Gimli also spent some time rebuilding the lands that had been war-torn. He returned to Erebor for a time but finally settled in the Glittering Caves. He became the first Lord of the Glittering Caves and had a hand in rebuilding much of Gondor and Rohan. He even rebuilt the gates of Minas Tirith with mithril and steel.

After Aragorn died, is it said that Gimli received an invitation to sail to the west with his best buddy Legolas, and he became the first and only Dwarf to sail to Valinor.

The Lord of the Rings: after the fellowship – long live the king

At the end of Return of the King, Aragorn is crowned King Elessar, a title given to him by Galadriel. He was the first High King of the Reunited Kindom, but it took him several years for his authority to be established. He married Arwen on Midsummer’s day in T.A. 3019, and the two had a son and several daughters.

Lord of the Rings
Aragorn (now King Elessar) and Arwen (Viggo Mortensen and Liv Tyler) in Lord of the Rings: Return of the King (New Line Cinema)

During his reign, he reordered the realm and helped in the restoration of the Kingdom. This included the rebuilding of Orthanc, the tower in Isengard, in which the Orthanc-Stone (the Palantir) was kept.

He renewed vows with Elves and Dwarves, and renewed the alliance between Gondor and Rohan, bringing a peaceful and harmonious time to Middle-Earth. He also declared the Shire a Free Land, in which Men were forbidden to enter. He appointed Sam, Merry, and Pippin as the Councillors of the Northern Kingdom to protect the lands.

In order to bring peace to Middle-Earth, King Elessar led military campaigns against the remaining Easterlings and Haradrim and reclaimed his rule over those lands that had once belonged to Gondor. Aragorn ruled for 122 years, and his son Eldarion took over this reign from his father. After his death, Aragorn was laid to rest alongside Merry and Pippin. A year after his death, Arwen- who was now mortal- traveled to a now deserted Lothlórien, and died there.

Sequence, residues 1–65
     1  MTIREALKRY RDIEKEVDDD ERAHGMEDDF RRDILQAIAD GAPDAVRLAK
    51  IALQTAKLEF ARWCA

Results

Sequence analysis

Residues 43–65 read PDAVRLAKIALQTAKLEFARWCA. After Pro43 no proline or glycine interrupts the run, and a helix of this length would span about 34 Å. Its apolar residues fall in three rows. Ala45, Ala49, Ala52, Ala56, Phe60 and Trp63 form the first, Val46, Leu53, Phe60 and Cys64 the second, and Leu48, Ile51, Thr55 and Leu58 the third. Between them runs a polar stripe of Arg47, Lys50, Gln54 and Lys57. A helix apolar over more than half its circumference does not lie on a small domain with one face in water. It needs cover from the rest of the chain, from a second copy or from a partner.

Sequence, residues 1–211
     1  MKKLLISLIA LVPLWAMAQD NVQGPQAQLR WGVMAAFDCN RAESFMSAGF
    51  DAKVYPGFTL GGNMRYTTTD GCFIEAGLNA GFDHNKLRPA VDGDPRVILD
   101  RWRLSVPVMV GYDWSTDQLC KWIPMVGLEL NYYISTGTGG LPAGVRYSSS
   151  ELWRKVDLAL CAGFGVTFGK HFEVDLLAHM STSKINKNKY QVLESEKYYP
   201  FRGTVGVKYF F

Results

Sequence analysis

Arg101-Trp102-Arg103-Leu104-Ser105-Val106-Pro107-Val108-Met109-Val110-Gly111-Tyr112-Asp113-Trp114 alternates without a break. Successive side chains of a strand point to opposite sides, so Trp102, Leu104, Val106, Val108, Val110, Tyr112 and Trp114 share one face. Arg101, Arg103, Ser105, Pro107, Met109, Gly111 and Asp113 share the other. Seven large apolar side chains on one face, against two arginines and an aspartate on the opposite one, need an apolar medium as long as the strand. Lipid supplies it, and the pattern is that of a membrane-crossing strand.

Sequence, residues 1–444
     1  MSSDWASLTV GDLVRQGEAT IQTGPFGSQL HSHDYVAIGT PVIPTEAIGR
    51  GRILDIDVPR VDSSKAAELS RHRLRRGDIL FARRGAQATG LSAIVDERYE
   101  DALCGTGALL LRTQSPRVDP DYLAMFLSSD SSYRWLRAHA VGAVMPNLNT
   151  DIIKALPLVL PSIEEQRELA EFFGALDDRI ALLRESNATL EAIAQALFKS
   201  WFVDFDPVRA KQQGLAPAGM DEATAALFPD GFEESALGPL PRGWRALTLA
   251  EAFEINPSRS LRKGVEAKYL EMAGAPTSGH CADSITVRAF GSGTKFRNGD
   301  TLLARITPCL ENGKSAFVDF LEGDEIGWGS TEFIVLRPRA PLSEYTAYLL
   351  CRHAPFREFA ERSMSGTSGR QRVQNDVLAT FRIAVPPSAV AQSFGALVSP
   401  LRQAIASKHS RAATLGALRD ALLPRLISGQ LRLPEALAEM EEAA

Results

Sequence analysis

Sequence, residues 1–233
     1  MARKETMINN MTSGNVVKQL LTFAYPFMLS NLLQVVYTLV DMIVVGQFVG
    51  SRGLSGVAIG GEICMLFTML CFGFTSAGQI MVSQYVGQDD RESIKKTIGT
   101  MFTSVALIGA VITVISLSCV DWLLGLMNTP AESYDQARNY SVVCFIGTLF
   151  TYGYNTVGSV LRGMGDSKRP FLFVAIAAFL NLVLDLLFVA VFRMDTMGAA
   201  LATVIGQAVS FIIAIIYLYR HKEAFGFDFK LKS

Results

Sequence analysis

Gandalf’s final days in Middle-Earth were peaceful and somewhat mysterious. After Aragorn’s coronation, he left with the remaining members of the Fellowship and traveled back to the Shire. He said his goodbyes to each member, eventually leaving the Hobbits at the border of the Shire, as the evil still left in this world was no longer his concern.

Lord of the Rings Gandalf
Ian McKellan as Gandalf in Lord of the Rings (New Line Cinema)

He left to speak with Tom Bombadil, another mysterious character who is believed to be older than the rivers and the trees, but nothing else is known about what Gandalf did in those remaining years.

On September 29th, T.A. 3021, Gandalf traveled to the Grey Havens, ready to sail to Valinor. He said his goodbyes to Merry, Pippin, and Sam, and set sail into the West with Frodo, Bilbo, Elrond, and Galadriel. His mission to destroy Sauron was now over, and he returned home to Valinor as the wisest of the Maiar.